By Ronald L. Scott

"Electronic prescribing is introducing significant changes in how drugs are used and monitored." See Edward P. Armstrong, Electronic Prescribing and Monitoring are Needed to Improve Drug Use, Arch Intern Med, Vol 160, p. 2713 (Oct. 9, 2000). E-prescribing can help reduce prescribing errors, dispensing errors, and administration errors. See id. In Vasquez v. Albertson’s, a Texas district court jury found a physician negligent for writing an illegible prescription. The error could have been prevented if the prescription had been typed, or transmitted electronically from the physician to the pharmacy. See Move Prescriptions Online Now (posted 12/10/99) available at Internet/991210Move.html. See also Cybermedicine and Virtual Pharmacies, 103 W. Va. Law Rev. 407 (2001).

It is already possible for a physician to directly transfer a prescription to a pharmacy using a Palm handheld device together with a wireless Internet connection. One commercial service allows physicians to send prescriptions to pharmacies using a secure wireless connection to the Internet. ePhysician’s ePad operates on a Wide Area Network, allowing physicians to utilize their Palm handhelds from any location. Stuart Weisman, M.D., CEO and founder of ePhysician believes that "[h]ealthcare professionals nationwide are embracing ePhysician’s technology because it reduces medical errors and creates tremendous efficiencies for the practicing physician." See http://www.ePhysician.com/news/index.asp?id=080100. The company has sent more than 100,000 electronic prescriptions from a Palm handheld to pharmacies in 48 states through its ePad service. The company has partnered with Kaiser Permanente, and physicians from the Mid-Atlantic Permanente Medical Group will be using ePhysician’s wireless technology to treat up to 40,000 patients. ePhysician claims to be the first e-health company to provide physicians with point-of-care tools using a secure wireless connection to the Internet through a handheld device. Using Palm handheld devices, physicians can prescribe medication, schedule patients, and view allergy, drug coverage and critical patient information. Physicians may also be able to order and receive lab results, capture patient charges and diagnoses and dictate notes and reports. Physicians can store a copy of the Physicians Desk Reference pharmaceutical information on their Palm to allow them to check for drug interactions, or a third party service such as pharmacy benefit manager can review the information before it is transmitted to the pharmacy.

So-called "quill pen" laws could present barriers to implementation of e-prescribing in some states. For example, Florida law requires that a pharmacist who receives a prescription for a "brand name" drug must substitute a less expensive, generically equivalent drug product "unless the prescriber writes the words ‘MEDICALLY NECESSARY,’ in her or his own handwriting, on the face of a written prescription or unless, in the case of an oral prescription, the prescriber expressly indicates to the pharmacist that the brand name drug prescribed is medically necessary." See Fla. Stat. Ann. § 465.025 (2). These type of statutes could limit e-prescribing, because the statutory phrase "in her or his own handwriting" presents the question of whether a digital signature would comport with the statute. Presumably the intent of the statute is to promote less expensive generic drugs over their brand name counterparts by requiring the physician to make the extra effort when writing the prescription. It does not appear that the handwriting requirement is an attempt to authenticate the prescriber’s identity or status, the clear purpose of digital signatures.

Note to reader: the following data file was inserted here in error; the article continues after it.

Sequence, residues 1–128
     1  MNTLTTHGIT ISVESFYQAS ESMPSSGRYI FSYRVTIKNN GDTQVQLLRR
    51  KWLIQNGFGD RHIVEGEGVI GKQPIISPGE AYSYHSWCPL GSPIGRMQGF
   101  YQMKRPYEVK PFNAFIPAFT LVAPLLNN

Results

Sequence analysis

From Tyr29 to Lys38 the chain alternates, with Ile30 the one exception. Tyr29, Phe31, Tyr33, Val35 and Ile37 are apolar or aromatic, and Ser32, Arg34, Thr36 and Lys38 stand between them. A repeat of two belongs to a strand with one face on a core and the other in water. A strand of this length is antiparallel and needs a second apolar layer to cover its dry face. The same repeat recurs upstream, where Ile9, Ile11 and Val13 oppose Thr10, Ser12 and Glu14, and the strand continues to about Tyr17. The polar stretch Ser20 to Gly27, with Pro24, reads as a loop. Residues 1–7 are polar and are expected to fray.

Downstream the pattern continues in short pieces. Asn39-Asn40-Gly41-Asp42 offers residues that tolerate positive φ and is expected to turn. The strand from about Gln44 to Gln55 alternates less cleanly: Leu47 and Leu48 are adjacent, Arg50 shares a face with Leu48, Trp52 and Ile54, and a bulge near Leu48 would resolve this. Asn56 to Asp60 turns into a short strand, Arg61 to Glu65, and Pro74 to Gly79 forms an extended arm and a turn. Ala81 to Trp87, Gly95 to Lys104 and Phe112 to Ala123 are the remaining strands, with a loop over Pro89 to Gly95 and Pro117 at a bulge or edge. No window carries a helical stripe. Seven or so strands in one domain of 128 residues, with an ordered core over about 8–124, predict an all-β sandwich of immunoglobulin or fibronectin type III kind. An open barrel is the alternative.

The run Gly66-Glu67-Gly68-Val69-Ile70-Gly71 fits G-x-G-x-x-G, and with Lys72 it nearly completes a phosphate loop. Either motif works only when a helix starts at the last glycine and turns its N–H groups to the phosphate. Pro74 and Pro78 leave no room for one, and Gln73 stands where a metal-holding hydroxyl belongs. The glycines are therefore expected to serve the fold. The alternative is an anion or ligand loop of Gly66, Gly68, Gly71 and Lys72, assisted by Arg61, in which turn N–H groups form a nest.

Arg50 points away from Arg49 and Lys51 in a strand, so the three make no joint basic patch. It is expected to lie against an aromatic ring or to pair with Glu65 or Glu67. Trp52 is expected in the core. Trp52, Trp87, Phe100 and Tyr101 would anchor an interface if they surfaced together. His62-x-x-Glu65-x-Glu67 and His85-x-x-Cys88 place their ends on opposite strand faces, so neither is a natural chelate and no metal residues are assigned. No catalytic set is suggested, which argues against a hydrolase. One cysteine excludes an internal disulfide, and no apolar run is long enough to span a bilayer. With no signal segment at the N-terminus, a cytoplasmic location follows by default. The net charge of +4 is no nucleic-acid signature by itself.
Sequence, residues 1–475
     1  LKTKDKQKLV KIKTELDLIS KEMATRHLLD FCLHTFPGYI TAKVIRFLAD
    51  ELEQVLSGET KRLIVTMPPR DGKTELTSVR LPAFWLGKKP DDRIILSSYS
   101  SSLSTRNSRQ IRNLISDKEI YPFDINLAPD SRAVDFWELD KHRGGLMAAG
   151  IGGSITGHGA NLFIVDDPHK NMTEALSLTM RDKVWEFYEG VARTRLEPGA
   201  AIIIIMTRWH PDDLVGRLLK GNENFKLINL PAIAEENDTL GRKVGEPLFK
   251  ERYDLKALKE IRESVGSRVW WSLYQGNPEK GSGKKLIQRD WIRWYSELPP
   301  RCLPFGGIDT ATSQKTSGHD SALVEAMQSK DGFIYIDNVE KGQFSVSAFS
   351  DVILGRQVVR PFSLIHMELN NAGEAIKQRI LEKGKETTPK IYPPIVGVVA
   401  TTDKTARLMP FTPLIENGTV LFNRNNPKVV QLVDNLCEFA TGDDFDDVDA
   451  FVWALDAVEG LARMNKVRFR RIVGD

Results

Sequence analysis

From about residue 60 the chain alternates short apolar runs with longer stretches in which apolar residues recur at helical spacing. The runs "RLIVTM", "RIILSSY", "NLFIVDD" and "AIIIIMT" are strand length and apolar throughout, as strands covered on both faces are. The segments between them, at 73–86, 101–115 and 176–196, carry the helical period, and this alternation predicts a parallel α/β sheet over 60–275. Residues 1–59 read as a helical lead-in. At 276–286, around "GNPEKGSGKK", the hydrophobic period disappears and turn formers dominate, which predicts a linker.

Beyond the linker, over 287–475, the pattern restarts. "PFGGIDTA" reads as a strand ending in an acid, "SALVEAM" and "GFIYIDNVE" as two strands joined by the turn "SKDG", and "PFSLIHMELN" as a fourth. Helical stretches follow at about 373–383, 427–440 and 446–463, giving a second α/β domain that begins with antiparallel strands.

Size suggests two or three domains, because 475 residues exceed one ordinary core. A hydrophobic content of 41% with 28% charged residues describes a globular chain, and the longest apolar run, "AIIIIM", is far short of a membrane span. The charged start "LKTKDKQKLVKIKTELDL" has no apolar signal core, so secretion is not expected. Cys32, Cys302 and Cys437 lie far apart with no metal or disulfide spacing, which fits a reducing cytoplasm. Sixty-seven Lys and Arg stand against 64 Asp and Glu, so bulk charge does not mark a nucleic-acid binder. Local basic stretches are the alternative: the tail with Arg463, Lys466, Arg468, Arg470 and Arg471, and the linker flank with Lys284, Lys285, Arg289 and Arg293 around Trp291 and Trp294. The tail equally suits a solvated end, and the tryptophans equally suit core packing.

In some cases, regulations requiring that written prescriptions for controlled substances be manually "signed" could thwart electronic transmission of prescriptions. Kansas requires that written prescriptions for controlled substances must be dated and manually signed on the day issued. See Kan. Admin. Regs. § 68-20-18 (c)(2). The regulation provides that "[a] practitioner shall manually sign a prescription in the same manner as he would sign a check or legal document." In this instance, sending a digital signature should suffice, since the purpose of the regulation seems oriented towards providing adequate security and authentication for controlled substances. In any event, these examples expose the risk inherent in writing legislation that is not technologically neutral.

New York and a number of other states also regulate the electronic transmittal of prescriptions. New York allows a pharmacist to accept an electronically transmitted prescription from a prescriber subject to several requirements. Requirements include: (1) the prescription must contain the signature or electronic equivalent of the prescriber’s signature; (2) electronically transmitted prescriptions, other than facsimile transmissions, must be electronically encrypted to prevent unauthorized access, alteration or use; and (3) the pharmacy must maintain a hard copy of prescription for five years. See N.Y. Comp. Codes R. & Regs. tit 8 § 63.6 (7).

Currently, "providers face a bewildering array of options, and they often have little information about the sponsorship, accuracy, performance, or biases of the [e-prescribing] systems being offered." An expert advisory panel at RAND is currently developing standards for electronic prescribing systems. The standards will address privacy and security of patient information; disclosure of the criteria used to label drugs "preferred;" disclosure of funding sources for products; data on which drug interactions or drug safety are based; and user interface design. See E-Prescribe Expert Advisory Panel To Develop Standards for Electronic Prescribing at http://www.rand.org/hot/press.02/eprescribe.html.